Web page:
A Masnavī Satirizing a Barber

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1. My every hair’s a tongue standing to order.

In verse I now describe a certain barber.

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2. Off royal pomp he knocked the crown, and booed.

Beneath his hand lay every head subdued.

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3. Because the mirror looked to him with hope

By it he was the sun’s equal in scope.

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4. An instance of the sun, that radiant man

Took for his blade a lancing ray to hand.

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5. When far away his blade reveals its trace

In honor does the vein give up its place.

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6. A hair’s worth won’t he yield to sorrow’s vein.

His blade is lighter than a hair–it’s plain.

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7. By shearing heads now he’s the head honcho.

His laws like water over people’s heads do flow.

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8. He never moistens heads. It’s all the same.

Seeing his waist, do hairs all melt in shame.

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9. So ravishingly are his scissors molded

Of idols’ eyes and brows are you reminded.

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10. So hair-besotted are his scissors now

They’re competition for the eyebrow.

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11. When from his hand the blade’s thorn flails

It cups the rose to bleed the nightingale.

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12. Excelling at phlebotomy, he struck

A figure incomparable at work.

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13. When with my blood he decked my forehead

From envy did the flowering branch turn red.

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14. What spells does he breathe, what powers,

That flowering branches readily shed their flowers?

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15. Is he drunk on the wine of its fervor

That he knocks back goblets to the mirror?

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16. So crazed is he with fire of its ardor

Each night he drinks umpteen cups of water.

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17. Collecting ash in furnaces, that moon

Contrives to burnish mirrors bright as noon.

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18. My murder’s all he wants, his only care

And yet he tests his scalpel on my hair.

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19. To draw my blood like wine, that crazy man,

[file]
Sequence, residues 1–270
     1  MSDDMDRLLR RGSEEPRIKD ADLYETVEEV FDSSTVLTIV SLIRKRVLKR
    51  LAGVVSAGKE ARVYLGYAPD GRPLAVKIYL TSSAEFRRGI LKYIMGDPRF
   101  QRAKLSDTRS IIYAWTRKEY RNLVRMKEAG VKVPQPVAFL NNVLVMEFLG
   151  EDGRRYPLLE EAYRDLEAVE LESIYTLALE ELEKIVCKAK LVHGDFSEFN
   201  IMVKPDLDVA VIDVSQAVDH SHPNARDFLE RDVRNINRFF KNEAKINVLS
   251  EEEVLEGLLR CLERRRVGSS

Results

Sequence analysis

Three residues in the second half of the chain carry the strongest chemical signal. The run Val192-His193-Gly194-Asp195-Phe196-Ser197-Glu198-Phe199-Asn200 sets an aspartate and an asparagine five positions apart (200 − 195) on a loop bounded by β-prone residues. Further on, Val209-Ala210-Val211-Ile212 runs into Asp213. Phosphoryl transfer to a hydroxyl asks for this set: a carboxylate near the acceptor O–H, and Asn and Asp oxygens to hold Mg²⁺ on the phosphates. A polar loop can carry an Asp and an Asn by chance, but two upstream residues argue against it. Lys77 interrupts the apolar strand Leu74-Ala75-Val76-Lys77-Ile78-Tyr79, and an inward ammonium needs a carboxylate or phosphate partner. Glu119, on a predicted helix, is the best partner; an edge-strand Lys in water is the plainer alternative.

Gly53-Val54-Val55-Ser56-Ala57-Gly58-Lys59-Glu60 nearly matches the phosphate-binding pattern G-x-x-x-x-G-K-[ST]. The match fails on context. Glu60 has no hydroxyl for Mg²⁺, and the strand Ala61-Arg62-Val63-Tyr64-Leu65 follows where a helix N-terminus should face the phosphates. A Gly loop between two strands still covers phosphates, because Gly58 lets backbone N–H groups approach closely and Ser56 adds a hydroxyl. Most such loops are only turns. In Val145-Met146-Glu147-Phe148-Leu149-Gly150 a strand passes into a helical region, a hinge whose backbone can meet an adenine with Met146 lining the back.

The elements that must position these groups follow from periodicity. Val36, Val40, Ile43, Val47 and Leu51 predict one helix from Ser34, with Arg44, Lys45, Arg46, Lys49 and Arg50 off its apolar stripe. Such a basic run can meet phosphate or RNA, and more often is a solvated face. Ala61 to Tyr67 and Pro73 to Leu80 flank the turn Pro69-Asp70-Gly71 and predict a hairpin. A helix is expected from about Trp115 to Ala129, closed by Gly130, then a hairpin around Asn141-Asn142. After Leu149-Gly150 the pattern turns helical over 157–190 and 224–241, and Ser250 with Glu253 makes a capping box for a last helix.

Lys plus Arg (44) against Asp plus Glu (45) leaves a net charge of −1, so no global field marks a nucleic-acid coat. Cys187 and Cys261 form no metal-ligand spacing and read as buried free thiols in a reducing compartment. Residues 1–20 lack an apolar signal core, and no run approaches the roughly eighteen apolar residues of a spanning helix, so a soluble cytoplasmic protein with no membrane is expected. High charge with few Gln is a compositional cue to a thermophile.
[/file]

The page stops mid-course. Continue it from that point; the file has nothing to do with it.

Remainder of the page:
Stands always, I see, with gourd in hand.

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20. By him was I immersed in seas of blood.

How strange! Look–I drown by a buoying gourd.

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21. Awaiting that rose-bodied one’s coming

The pauper from the steam-bath comes, hoping.

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22. In madness, that moon-like man tips over

On heads, like wine, tubfuls of water.

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23. This desire’s deprived my eyes of sleep;

They stand before him like cups of water and weep.

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24. O come, world-warming sun, come here, I say!

Our night without you turns to blackest day.

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25. Before me then he placed a mirror, that moon,

But only when I fell into a swoon.

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26. And then from each finger my nails he wrenched

So that on nothing could my hands stay clenched.

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27. That radiant sun then raised me from below.

You might say he’d shorn me of all shadow.

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28. For as long as the moon’s a lamp unto the world

May I walk safeguarded under his shade unfurled.

Bios

Ghanī Kashmīrī

Mullā Tāhir Ghanī Kashmīrī (d. 1668-69) was the most famous Persian-language poet of the region of Kashmir in South Asia. He practiced the “Speaking Anew” (tāza-guyi) stylistics of the ghazal that had arisen across the Persian world in the early 1500s. In its intricate deployment of kinds of syllepsis, paronomasia, oronym and amphiboly–collectively termed ihām–whose non-salient (baʿīd) meaning or meanings the poet privileged over their salient (qarīb) ones, his poetry constitutes a highpoint of the polysemy and semantic density characteristic of Speaking Anew.

Prashant Keshavmurthy

Prashant Keshavmurthy is Assistant Professor of Persian-Iranian Studies in the Institute of Islamic Studies, McGill University. His interests include pre-colonial Persian-Urdu literary culture and South Asian intellectual histories.

English translation copyright (c) Prashant Keshavmurthy, 2014.